suboptimal ghc code generation in IO vs equivalent pure code case
harendra.kumar at gmail.com
Sat May 14 20:15:27 UTC 2016
On 15 May 2016 at 01:35, David Feuer <david.feuer at gmail.com> wrote:
> Well, a few weeks ago Bertram Felgenhauer came up with a version of IO
> that acts more like lazy ST. That could be just the thing. He placed it in
> the public domain/CC0 and told me I could put it up on Hackage if I want.
> I'll try to do that this week, but no promises. I could forward his email
> if you just want to try it out.
That's exactly what I was thinking about. Can you please forward it to me,
I will try it out.
> On May 14, 2016 2:31 PM, "Harendra Kumar" <harendra.kumar at gmail.com>
>> The difference seems to be entirely due to memory pressure. At list size
>> 1000 both pure version and IO version perform equally. But as the size of
>> the list increases the pure version scales linearly while the IO version
>> degrades exponentially. Here are the execution times per list element in ns
>> as the list size increases:
>> Size of list Pure IO
>> 1000 8.7 8.3
>> 10000 8.7 18
>> 100000 8.8 63
>> 1000000 9.3 786
>> This seems to be due to increased GC activity in the IO case. The GC
>> stats for list size 1 million are:
>> IO case: %GC time 66.1% (61.1% elapsed)
>> Pure case: %GC time 2.6% (3.3% elapsed)
>> Not sure if there is a way to write this code in IO monad which can
>> reduce this overhead.
>> On 14 May 2016 at 17:10, Harendra Kumar <harendra.kumar at gmail.com> wrote:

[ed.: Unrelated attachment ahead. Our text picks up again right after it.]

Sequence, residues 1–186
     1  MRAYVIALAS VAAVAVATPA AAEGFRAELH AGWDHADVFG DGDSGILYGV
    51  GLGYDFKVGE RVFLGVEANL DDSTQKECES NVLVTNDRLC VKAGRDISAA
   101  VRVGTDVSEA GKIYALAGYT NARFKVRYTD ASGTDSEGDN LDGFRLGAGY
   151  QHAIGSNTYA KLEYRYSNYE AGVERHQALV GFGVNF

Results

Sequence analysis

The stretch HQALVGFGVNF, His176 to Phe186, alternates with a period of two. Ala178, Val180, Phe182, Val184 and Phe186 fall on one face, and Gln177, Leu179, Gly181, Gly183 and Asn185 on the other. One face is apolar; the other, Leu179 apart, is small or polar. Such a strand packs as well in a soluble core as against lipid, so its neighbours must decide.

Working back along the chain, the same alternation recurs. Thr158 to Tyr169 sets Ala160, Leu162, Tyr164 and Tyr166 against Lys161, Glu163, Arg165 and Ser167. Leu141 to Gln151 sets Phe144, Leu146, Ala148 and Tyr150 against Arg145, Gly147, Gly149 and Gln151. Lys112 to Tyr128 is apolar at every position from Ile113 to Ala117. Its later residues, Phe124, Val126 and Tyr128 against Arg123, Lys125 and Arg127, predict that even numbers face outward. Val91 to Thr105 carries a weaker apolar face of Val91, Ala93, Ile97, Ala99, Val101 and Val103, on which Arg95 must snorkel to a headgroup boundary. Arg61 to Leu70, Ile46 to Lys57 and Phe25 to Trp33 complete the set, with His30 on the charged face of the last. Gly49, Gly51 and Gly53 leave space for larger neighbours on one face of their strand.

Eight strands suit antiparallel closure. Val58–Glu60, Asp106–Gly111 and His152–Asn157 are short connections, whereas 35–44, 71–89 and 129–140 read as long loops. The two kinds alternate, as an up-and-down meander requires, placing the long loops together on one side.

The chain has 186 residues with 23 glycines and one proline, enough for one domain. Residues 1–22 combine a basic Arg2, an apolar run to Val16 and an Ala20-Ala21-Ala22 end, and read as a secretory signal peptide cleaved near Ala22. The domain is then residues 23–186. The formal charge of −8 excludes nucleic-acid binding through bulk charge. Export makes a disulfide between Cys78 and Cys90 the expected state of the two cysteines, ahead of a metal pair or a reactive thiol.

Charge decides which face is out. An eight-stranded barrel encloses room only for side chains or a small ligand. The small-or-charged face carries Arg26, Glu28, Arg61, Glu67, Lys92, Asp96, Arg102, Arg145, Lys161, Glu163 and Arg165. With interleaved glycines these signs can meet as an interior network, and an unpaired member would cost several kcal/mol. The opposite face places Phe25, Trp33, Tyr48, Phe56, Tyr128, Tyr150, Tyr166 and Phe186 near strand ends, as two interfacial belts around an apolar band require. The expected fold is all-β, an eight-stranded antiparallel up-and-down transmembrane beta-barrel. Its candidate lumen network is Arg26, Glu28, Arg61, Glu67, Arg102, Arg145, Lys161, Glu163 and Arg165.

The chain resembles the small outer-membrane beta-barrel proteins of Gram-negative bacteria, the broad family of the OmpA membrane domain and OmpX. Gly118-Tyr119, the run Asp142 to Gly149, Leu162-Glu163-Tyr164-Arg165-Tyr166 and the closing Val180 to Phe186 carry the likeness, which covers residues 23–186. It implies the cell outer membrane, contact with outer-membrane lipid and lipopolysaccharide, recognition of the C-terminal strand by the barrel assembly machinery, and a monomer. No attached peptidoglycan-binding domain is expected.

>> > You are right about the way IO code is generated because of the
>> ordering semantics. The IO version builds the list entirely in a recursive
>> fashion before returning it while the pure code builds it lazily. I wrote
>> very simple versions to keep things simpler:
>> > Pure version:
>> > f  = 
>> > f (x : xs) = x : f xs
>> > time 11.08 ms (10.86 ms .. 11.34 ms)
>> > Measured for a million elements in the list
>> > 104,041,264 bytes allocated in the heap
>> > 16,728 bytes copied during GC
>> > 35,992 bytes maximum residency (1 sample(s))
>> > 21,352 bytes maximum slop
>> > 1 MB total memory in use (0 MB lost due to fragmentation)
>> > IO version:
>> > f  = return 
>> > f (x : xs) = do
>> > rest <- f xs
>> > return $ x : rest
>> > time 79.66 ms (75.49 ms .. 82.55 ms)
>> > 208,654,560 bytes allocated in the heap
>> > 121,045,336 bytes copied during GC
>> > 27,679,344 bytes maximum residency (8 sample(s))
>> > 383,376 bytes maximum slop
>> > 66 MB total memory in use (0 MB lost due to fragmentation)
>> > Even though this is a small program not doing much and therefore
>> enhancing even small differences to a great degree, I am not sure if I can
>> completely explain the difference in slowness of the order of 7.5x by just
>> the recursive vs lazy building of the list. I am wondering if there is
>> anything that is worth further investigating and improving here.
>> > -harendra
>> > On 12 May 2016 at 05:41, Dan Doel <dan.doel at gmail.com> wrote:
>> > >
>> > > On Tue, May 10, 2016 at 4:45 AM, Harendra Kumar
>> > > <harendra.kumar at gmail.com> wrote:
>> > > > Thanks Dan, that helped. I did notice and suspect the update frame
>> and the
>> > > > unboxed tuple but given my limited knowledge about ghc/core/stg/cmm
>> I was
>> > > > not sure what is going on. In fact I thought that the intermediate